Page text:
...of you know, knowledge from the very the very bought base of the pyramid are things like remembering and understanding and knowledge right. This is foundational and it moves up in terms of kind of higher order levels of thinking. At the top you have judgment, analysis, creation. Right, that's where innovation fits because you know, once we've laid this foundation and develop this for ourselves, we can we can jump up or leap up to that that higher level kind of thinking. And you know, I do think that a lot of what we end up doing in the learning space tends to be down at this at this level of remembering and understanding, and the more that we can do engaging activities that get us into that, you know, critical thinking and those types of things. That gives us, you know, innovative thoughts. Certainly, innovative thought leads us to innovative technologies, breakthroughs and in sciences, all kinds of exciting things. So what I'm hearing you say is a lot of the training and learning happens more at a transactional level, whereas we can lean more out of it if we create linkages to see how this makes a further connection. You know, what are the lengths? Where can we find patterns and commonalities that are fair assessment? Yeah, I mean up until now, if you take something like digital learning, which everybody's excited about and especially interested into its covid the idea of digital learning today is very much one of distribution. Oh, we can scale who has access to information, right, and that's awesome. I'm not denigrading that. But there is a possibility now of saying, let's scale those practices and expertise building. That is going to lead to innovation and higher order thinking, right, and that entails speaking of like bloom for example. He's famous for the taxonomy. He's also famous for discovering that,... know, Oh, an individual tutor working with you, you can get to standard deviations higher in terms of performance from an individual tutor then you can in a standard classroom. So that's hard to scale, right, the individual tutor and if you're privileged, your parents give you cattle master comes to your house and teaches your piano. That is a very traditional way of getting that really effective learning experience because the tutor is going to personalize that experience for you. If we have technology that can personalize that learning experience for you, it's not just hey, I've got access now to learning and information and I now have access to that highly efficient and effective tutoring. Right, that one on one experience. That does the scale very well. If I can use artificial intelligence to enable that kind of recommendation of what to do next right what's going to be most effective for you as a learner, based on how much time you spent, how confident you are your particular journey. We tend to prescribe a fixed journey for everybody. Oh, this is the road to expertise, you do this, you do this, you do this. We know that it is that that's artificial and part of what I'm excited about my work we're doing right now is we're looking at biological adaptive models that allow for a nonlinear learner path that is unique, that knows enough about Jasmine, how you're interacting to give you a unique experience through digital learning experience, for through a hybrid experience where you have a coach or teacher that is scaling, you know, across a large number of students. Interesting. You were mentioning earlier how there's information is all around us, which it is, but I would argue that information and knowledge are not the same thing and actually being able to tell the wheat from the chaff when it comes to information. He's a huge factor in determining outcomes. Yeah, I mean that's the great crisis of our age. Right, water, water everywhere and then not a drop to drink.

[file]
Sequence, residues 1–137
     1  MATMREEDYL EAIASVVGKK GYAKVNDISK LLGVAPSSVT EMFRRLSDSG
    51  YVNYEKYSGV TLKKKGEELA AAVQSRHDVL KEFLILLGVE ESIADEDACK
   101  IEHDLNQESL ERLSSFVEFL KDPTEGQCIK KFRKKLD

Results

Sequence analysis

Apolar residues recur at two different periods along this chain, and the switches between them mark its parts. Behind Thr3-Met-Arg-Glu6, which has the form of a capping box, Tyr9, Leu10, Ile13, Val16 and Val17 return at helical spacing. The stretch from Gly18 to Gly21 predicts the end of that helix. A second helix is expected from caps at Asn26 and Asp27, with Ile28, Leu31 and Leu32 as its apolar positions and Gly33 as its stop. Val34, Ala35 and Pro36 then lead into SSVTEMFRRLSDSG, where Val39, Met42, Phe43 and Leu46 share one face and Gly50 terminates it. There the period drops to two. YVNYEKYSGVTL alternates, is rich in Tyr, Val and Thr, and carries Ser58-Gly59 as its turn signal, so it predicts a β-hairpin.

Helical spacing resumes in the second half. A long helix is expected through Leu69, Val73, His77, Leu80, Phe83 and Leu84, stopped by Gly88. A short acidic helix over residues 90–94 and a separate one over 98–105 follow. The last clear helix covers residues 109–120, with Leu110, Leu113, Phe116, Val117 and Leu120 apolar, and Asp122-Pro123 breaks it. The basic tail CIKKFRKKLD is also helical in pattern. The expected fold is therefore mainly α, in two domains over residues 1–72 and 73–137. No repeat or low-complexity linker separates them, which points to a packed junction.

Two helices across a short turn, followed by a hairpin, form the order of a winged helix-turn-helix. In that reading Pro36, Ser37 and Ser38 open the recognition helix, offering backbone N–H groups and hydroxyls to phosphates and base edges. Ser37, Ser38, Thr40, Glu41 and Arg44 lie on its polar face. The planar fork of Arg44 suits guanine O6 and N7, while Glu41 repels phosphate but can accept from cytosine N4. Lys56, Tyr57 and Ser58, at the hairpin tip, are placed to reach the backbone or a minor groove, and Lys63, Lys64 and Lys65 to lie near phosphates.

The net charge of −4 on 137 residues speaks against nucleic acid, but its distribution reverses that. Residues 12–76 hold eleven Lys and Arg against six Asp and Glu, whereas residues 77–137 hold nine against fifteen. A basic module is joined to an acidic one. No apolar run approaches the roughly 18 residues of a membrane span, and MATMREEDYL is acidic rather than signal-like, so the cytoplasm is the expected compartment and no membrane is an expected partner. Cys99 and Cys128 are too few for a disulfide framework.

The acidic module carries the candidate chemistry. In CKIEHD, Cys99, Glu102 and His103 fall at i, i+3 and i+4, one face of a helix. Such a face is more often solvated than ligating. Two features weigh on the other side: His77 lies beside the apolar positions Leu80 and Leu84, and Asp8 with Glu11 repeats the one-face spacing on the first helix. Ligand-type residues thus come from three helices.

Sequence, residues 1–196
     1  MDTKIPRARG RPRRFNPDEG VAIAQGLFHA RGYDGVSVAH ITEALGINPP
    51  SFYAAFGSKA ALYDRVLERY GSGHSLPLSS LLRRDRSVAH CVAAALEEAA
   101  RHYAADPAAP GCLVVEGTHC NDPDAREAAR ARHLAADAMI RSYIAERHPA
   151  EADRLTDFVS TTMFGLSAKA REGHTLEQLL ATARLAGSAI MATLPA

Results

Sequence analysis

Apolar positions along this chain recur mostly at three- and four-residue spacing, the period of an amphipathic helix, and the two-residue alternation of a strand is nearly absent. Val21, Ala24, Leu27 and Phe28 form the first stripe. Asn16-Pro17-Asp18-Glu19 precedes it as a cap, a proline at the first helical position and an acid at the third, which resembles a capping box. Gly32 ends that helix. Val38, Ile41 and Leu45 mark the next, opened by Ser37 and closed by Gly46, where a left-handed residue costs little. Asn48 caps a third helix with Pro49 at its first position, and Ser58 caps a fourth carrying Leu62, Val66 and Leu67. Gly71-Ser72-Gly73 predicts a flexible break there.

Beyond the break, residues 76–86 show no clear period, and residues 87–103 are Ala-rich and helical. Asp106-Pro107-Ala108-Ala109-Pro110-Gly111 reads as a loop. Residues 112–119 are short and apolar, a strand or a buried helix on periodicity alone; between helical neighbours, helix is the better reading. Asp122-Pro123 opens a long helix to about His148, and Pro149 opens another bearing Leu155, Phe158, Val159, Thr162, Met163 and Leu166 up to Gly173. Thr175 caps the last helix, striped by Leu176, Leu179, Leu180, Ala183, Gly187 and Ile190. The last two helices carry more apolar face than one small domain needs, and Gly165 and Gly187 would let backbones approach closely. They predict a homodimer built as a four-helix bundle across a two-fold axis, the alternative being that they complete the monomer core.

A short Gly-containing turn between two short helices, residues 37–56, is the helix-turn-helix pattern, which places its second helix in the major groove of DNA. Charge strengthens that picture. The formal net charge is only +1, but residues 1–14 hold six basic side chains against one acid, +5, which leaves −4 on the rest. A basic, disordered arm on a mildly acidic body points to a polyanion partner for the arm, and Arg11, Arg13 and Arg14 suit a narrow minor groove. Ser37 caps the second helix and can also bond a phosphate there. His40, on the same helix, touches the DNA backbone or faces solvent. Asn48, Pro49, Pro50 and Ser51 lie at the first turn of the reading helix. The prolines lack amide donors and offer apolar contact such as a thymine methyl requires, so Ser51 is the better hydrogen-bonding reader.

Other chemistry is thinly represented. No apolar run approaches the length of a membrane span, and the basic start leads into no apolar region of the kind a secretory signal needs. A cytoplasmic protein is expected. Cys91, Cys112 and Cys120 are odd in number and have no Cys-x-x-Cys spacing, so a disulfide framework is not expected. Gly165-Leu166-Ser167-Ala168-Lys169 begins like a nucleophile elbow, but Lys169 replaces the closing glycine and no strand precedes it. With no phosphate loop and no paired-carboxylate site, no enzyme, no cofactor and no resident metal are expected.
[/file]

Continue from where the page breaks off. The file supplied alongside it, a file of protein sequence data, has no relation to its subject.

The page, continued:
I think that curation process is is important. Part of the work that we've done is look at okay, if I've taken, you know, this much content and I need to accelerate your experience through that, that curation experience is as important as what I'm serving up to you, right, because if I give you everything, you're drowning in a sea of information, but if I can curate exactly what you need, well, we've shown then cut the time in half and also allow for remediation. So it's not like we're dealing with well, this is what the average is, and so we're going to lay that out for everyone. It's like, you know, I remember in Calculus class in high school that we would have the group lecture. I would learn nothing through the group lecture and I would go up to the to the teacher afterwards and say, helped me with this, with this principle. She would give me that one on one experience and that's where I would get that's that would be my Aha, and I would be able to do that because she knew me, she knew where my kind of gaps and unique experience were and and I needed that. You know, it was I was not a traditional student. So she met here at your level and she knew what would be relatable to you. She knew how to get through to you individually. But in a group setting that's not quite possible. Right, and that's that's where I think if we can give that personalized experience to a learner right, they get to mastery sooner faster. That mastery then becomes the basis for them taking on, you know, kind of that creative, innovative kind of learning that happens there and teaches them deliver practice teaches them how to learn right. The more we look know about our own blind spots, those biases become less powerful when we have workarounds to be able to, you know, to get around those and it keep progressing. Makes Sense. Are there? You mentioned curiosity.